Una Mullally: Why women have risen to the top in 1916 lore

‘In a country with a lot of barrier-breaking to be done for women, a female narrative is a welcome one’

Author and historian Liz Gillis talks about the role of women and a few of the key female players in the 1916 rising. Video: Kathleen Harris

 

It’s Easter Monday, and the pinnacle of the centenary celebrations, although like a good little pedant, I’m saving marking the occasion properly until late April.

Say what you like about the various hooplas that have surrounded the hows and whys of commemorating the Easter Rising, one thing the tone of remembrance has got right is the “whos”.

The feminist, journalist, activist and author Gloria Steinem who turned 82 last week was speaking to the Observer recently upon the publication of her autobiography My Life On The Road: “Research on young male and female achievers showed that a woman’s intellectual self-esteem diminishes with every year of higher education she undertakes, because she increasingly studies women’s absence from history.” That statement is simultaneously chilling and revelatory.

Men have so many role models across so many disciplines. Award ceremonies are cluttered with male film directors. Boardrooms are oversubscribed with men. Male tech company billionaires grin from magazine covers.

News bulletins end with rich young men playing football. Sportsmen are lionised as heroes. Most leaders of countries are men. Male rappers grimace in videos, tossing money around. Famous male authors are treated with reverential respect.

And so men have this brilliant, exciting menu of role models to choose from who are front and centre, doing their thing successfully and being given all of the plaudits they deserve.

No matter what a young man wants to achieve, there is pretty much a role model to fit his dreams and aspirations.

People ridicule the trend of women seeking “inspiration”, but I can see why we need it. Our challenges are larger, our role models fewer, our negative feedback louder.

Fragments

Sometimes I resent being presented with fewer female writers and artists and female figures in general as a child and a teenager, because you then spend your life playing catch-up, finding out about people you surely should have known already.

Women trying to find out about what women did before them become like archeologists, searching for fragments of female participation in history.

They’re there, of course, but maybe they weren’t let achieve their dreams or crow about them.

Our archaeological dig has been on a narrow field for quite some time and with each layer of history unearthed and each wave of new female participation in society, the world of women to discover and look up to expands.

But even when women do achieve greatness, there can often be a wink and a nudge about the patriarchal context, as if they could have only done so with a bloke in their sphere, perhaps one who was more brilliant, and maybe as a result even owns a little of their sparkle.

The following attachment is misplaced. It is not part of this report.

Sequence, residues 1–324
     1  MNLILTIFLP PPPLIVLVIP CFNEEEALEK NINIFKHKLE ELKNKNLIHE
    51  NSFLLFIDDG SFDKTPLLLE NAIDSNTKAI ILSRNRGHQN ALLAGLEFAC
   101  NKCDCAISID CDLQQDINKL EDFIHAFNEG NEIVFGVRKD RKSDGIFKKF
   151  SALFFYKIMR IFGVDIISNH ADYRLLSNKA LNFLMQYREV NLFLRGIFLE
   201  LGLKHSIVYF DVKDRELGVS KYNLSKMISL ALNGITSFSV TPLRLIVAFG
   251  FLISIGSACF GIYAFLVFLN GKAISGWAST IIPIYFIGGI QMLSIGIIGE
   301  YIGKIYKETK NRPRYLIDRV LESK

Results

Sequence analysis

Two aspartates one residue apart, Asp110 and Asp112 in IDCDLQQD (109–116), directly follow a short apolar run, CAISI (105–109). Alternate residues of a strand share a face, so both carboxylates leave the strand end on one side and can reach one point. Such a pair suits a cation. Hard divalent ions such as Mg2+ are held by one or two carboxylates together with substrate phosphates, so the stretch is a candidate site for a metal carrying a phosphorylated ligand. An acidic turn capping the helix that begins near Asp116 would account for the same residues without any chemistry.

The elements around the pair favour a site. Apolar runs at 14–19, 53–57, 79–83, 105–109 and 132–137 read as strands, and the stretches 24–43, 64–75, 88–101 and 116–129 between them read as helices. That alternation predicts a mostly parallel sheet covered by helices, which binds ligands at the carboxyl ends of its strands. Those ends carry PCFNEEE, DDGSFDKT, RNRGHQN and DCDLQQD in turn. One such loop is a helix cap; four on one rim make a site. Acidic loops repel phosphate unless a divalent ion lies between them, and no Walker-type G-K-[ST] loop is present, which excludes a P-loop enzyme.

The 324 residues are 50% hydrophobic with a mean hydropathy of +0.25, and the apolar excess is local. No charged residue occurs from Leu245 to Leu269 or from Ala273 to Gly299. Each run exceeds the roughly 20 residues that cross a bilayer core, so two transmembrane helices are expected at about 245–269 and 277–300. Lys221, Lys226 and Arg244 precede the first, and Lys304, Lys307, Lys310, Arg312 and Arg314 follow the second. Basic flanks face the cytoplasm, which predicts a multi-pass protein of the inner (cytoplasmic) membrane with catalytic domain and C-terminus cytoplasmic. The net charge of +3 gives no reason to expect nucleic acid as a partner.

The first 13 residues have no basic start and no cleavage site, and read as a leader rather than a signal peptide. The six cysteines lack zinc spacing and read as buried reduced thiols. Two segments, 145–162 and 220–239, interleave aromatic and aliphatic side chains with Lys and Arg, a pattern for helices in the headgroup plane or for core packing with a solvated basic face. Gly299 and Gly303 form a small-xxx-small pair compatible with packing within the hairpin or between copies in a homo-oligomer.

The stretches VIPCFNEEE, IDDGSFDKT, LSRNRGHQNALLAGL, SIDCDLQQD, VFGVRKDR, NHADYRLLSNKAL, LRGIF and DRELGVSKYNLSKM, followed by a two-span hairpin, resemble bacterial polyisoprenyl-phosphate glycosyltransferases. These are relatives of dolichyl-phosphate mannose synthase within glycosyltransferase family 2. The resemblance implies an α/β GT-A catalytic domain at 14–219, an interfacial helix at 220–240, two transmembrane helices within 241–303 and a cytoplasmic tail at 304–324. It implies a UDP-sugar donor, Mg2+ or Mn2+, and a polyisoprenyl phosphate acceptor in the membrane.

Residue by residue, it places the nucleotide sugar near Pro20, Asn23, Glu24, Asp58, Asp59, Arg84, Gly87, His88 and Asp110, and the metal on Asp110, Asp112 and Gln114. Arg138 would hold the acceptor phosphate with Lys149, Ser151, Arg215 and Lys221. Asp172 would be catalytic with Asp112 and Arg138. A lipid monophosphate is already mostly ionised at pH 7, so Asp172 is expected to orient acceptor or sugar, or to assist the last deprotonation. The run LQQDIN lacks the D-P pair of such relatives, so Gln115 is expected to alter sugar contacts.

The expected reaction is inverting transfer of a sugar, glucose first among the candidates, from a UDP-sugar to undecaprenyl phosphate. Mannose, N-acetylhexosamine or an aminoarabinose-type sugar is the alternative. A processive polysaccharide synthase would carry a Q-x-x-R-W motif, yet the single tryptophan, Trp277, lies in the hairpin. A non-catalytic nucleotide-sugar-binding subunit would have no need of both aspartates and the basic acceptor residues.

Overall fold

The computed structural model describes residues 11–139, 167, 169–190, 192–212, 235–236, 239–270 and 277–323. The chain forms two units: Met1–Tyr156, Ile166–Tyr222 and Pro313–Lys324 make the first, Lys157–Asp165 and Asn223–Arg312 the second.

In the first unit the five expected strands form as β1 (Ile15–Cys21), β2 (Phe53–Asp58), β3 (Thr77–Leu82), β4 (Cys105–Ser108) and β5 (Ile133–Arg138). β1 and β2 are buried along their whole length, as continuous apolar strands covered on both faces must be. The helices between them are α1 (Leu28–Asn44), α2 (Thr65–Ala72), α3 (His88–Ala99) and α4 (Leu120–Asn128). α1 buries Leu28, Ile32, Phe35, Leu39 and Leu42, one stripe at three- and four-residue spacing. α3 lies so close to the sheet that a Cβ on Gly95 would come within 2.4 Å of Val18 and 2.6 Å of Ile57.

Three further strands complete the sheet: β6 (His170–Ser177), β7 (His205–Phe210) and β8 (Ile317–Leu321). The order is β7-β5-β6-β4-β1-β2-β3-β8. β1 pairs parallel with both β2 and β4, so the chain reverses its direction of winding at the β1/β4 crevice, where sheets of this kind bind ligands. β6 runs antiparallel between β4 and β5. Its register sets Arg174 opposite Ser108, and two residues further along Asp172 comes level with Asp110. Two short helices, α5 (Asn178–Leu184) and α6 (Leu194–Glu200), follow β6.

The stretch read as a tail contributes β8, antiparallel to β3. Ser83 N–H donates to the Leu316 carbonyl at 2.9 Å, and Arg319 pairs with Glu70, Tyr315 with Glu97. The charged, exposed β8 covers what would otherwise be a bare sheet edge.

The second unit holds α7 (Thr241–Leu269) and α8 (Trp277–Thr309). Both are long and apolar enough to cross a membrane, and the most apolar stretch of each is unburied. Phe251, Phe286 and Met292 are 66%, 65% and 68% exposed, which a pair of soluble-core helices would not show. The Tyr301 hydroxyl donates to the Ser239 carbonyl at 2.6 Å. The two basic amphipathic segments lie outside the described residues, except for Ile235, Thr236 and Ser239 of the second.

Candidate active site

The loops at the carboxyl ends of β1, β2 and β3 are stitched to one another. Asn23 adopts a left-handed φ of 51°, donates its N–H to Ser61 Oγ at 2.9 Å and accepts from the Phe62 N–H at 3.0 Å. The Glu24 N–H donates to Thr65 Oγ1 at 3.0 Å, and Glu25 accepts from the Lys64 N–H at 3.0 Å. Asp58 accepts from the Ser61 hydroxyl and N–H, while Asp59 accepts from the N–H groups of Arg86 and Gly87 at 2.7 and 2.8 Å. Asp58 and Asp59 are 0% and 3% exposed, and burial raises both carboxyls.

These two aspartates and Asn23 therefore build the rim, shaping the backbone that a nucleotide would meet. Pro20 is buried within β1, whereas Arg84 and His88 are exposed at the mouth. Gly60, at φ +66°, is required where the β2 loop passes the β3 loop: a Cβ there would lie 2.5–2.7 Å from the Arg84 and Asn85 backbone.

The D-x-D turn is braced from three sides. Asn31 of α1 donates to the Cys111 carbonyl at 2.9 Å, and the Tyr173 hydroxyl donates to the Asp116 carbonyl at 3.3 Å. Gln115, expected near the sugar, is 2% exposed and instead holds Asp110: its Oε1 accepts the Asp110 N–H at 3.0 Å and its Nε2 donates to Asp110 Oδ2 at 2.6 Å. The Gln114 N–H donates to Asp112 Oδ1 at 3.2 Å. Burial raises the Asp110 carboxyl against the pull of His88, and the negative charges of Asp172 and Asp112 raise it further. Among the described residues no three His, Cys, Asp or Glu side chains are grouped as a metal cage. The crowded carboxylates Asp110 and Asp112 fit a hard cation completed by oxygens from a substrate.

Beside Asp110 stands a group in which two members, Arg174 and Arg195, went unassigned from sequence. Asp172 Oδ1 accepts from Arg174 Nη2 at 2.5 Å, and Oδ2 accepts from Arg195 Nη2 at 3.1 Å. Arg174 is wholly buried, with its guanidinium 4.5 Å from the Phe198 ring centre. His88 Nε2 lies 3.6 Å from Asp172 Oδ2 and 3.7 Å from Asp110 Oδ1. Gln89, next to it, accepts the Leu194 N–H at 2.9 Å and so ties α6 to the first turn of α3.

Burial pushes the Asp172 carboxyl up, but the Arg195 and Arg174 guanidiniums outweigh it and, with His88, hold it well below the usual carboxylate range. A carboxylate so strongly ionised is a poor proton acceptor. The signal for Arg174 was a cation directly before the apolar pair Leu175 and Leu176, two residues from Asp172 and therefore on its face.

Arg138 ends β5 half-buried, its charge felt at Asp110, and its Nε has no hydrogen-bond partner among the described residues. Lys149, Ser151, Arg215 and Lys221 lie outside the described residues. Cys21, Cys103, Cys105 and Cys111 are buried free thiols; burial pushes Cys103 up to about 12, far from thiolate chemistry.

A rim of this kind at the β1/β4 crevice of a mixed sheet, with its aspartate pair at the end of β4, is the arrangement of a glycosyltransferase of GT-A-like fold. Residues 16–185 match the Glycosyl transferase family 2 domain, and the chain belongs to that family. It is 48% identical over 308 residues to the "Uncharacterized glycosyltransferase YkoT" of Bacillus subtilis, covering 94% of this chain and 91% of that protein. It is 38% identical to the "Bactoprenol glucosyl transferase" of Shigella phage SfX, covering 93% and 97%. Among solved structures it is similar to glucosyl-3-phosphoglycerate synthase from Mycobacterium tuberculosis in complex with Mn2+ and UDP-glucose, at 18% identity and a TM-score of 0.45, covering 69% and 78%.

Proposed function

Next to Frida Kahlo there’s Diego Rivera, next to Eileen Gray it’s Le Corbusier, next to Harper Lee there’s Truman Capote, next to Sylvia Plath it’s Ted Hughes, next to Courtney Love there’s Kurt Cobain.

Defiant

Last weekend, the Dublin graffiti artist Emma Blake stood next to a 10ft Countess she had just finished in the yard of the Bernard Shaw pub in Dublin.

On the rest of the wall, female artists were busy creating a mural that spelled out ‘Minaw’, the name of their collective, and a phonetic play on “mná”.

The scrolls between the letters that pulled the mural together were inspired by the typography on those iconic Cumann na mBan badges.

The Countess stood defiant, painted with a can of spray paint in her hand, as if she was the one spraying the mural to life.

A couple of weeks previously, the artist Gearóid O’Dea installed a paste-up of Markievicz, Margaret Pearse and Grace Gifford-Plunkett called ‘Le Chéile i nGruaig’ on a gable wall at the end of George’s Street in Dublin.

Our art reflects us, but it is street artists and spoken word artists who respond the most rapidly to social and cultural sentiment.

These are instantaneous forms compared to the more laborious process of theatre-making and presenting, songwriting and recording, visual art and its exhibiting, and certainly filmmaking.

On walls and makeshift stages, the street art and poetry fizzing around the country is reflecting a female narrative of revolution.

The “whos” of the Rising that are having the most impact are women.

The stories that are being pushed and pulled to the fore are of women, and very often by women – thanks to some of our great female historians who have been banging this drum for some time.

It’s probably no accident either, that women are to the fore in the centenary when the two ministers who oversaw the centenary planning, Heather Humphreys and Aodhán Ó Riordáin, are both feminists.

In a country that still has a lot of barrier-breaking to be done for women, especially in terms of bodily autonomy, a female narrative is a welcome one.

I’m sure some people might feel that the role of women in the Rising is being overstated.

But men’s roles in history are overstated all the time. We’re just catching up – and isn’t it sad that many women’s stories didn’t get the attention they deserved until now?

Hopefully, when the centenary itself is dissected in years to come, and the new stories we have learned about 1916 and its inciters are reflected upon, there will be far fewer women absent. Come on, na mBan.

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